Traders are pictured at their desks in front of the DAX board at the Frankfurt stock exchange
German business confidence fell for a fifth consecutive month in September as company bosses worried that EU leaders had still not yet agreed on long-term solutions for the region's ongoing sovereign debt crisis.
The authoritative IFO Institute's business climate index, a poll of more than 7,000 executives, fell to 101.4 - the lowest reading in nearly two years - from a 102.3 reading in August. The surprise dip extends the index's run of declines from March and matches some of the more optimistic economic data signals coming from the Eurozone in recent weeks.
Perhaps more troublingly, the forward-looking business expectations portion of the IFO survey also slipped to 93.2 from 94.2 last month.
"The ongoing, apparently never ending sovereign debt crisis has cast a pall over the Euro Zone's economic outlook," said Stephen Pope, managing partner at Spotlight Ideas.
"Last week data showed German exports had fallen at the fastest rate in three years, and with the Eurozone sliding daily into a recession the prospect for a near-term bounce in regional trade is non-existent."
"Today's Ifo index shows that German companies remain sceptical about the economic impact of [European Central Bank president] Mario Draghi's magic," ING analyst Carsten Brzeski said.
"Despite fears of a looming Eurozone break-up clearly fading away, German businesses are downscaling their expectations."
The so-called Draghi Effect, the result of the ECB president's verbal intervention into European markets in late July, has had a profound impact on asset prices around the region but has yet to translate to the real economy.
The broadest measure of blue-chip European shares, the FTSE Eurofirst 300, has risen 9.5 percent since Draghi promised to do "whatever it takes" to save the single currency, a pledge he backed up in early September with details of a potentially unlimited amount of bond purchases by the ECB to help lower the borrowing costs of indebted currency partners such as Italy and Spain.
Spanish and Italian stocks have surged 35 percent and 25 percent respectively since Draghi's first reference to the programme, known as Outright Monetary Transactions, or OMTs., during a speech in London on 26 July. Benchmark 10-year borrowing costs have also fallen sharply, with Spain seeing the biggest decline of 2.5 percent.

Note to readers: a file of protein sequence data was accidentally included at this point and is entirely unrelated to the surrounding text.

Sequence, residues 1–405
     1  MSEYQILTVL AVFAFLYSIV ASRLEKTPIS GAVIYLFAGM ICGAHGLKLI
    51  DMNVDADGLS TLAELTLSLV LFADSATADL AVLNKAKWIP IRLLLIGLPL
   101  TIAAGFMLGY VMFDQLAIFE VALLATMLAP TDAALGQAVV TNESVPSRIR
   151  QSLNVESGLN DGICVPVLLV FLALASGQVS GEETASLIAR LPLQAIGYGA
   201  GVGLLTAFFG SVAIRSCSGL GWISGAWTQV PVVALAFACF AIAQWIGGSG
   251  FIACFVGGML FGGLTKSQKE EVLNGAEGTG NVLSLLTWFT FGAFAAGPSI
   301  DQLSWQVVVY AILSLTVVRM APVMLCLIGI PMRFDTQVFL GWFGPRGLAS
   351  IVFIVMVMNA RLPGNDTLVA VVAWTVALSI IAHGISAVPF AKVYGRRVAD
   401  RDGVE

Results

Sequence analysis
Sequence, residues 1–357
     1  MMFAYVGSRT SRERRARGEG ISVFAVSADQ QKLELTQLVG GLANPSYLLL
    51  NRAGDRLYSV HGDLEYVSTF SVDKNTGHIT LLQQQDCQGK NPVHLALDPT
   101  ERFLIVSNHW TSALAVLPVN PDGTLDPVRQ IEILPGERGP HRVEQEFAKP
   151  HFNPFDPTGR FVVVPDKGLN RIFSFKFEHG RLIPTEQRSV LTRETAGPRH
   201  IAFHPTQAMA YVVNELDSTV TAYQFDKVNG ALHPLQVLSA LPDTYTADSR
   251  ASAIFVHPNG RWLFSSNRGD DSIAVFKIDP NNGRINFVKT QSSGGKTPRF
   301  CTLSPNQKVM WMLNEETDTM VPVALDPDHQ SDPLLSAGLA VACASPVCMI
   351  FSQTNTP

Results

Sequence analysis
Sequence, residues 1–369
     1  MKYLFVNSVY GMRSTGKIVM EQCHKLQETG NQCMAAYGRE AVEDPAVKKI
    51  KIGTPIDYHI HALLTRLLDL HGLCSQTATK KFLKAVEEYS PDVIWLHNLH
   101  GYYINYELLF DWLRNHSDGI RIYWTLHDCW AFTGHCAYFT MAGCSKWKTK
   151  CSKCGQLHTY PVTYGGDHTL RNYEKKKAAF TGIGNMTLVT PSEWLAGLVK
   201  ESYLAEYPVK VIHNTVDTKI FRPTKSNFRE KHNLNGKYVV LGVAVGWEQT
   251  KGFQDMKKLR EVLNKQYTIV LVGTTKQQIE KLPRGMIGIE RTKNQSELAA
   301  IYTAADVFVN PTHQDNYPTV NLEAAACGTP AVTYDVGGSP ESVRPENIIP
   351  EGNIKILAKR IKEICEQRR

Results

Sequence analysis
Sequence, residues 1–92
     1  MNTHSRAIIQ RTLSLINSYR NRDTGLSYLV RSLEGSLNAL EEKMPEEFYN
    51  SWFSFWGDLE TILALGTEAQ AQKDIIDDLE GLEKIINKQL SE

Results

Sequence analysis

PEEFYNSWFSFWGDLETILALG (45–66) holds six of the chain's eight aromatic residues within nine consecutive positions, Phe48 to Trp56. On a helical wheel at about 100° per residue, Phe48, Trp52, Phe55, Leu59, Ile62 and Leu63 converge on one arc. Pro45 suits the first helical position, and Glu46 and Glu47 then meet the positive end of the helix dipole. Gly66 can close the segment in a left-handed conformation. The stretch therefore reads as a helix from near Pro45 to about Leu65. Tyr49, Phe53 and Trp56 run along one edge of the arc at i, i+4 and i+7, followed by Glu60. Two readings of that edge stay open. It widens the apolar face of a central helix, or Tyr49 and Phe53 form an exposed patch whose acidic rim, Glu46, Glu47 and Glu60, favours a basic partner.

However, many questions remain as to the overall ability of the programme to have a lasting effect, and the capacity of the squabbling Eurozone members to come to an agreement on how to best use their collective financial and administrative firepower.
Spain has shown reluctance to cede to the central condition that the OMT programme requires: a formal request for full EU and International Monetary Fund support that includes fiscal monitoring. Prime Minister Mariano Rajoy says he won't be rushed into taking such a step - one that would likely cost him his political career - while German finance minister Wolfgang Schaeuble has insisted Spain's previous negotiation of €100bn in bank rescue funds will be enough to solve its myriad financial and political challenges.
Plans to create a single European regulator for the region's banking sector have also run into difficulty, with some leaders, notably in Germany, openly questioning the feasibility of giving the ECB oversight for as many as 7,000 banks and financial institutions.
Meanwhile, France's new President, Francois Hollande, is pushing for the watchdog to be up and running by 1 January. With his own approval ratings in France sliding fast, he may not wish to concede yet another point of political contention to German Chancellor Angela Merkel, whom many believe has yet to warm to the Socialist leader after a warm and co-operative relationship with his predecessor, Nicolas Sarkozy.
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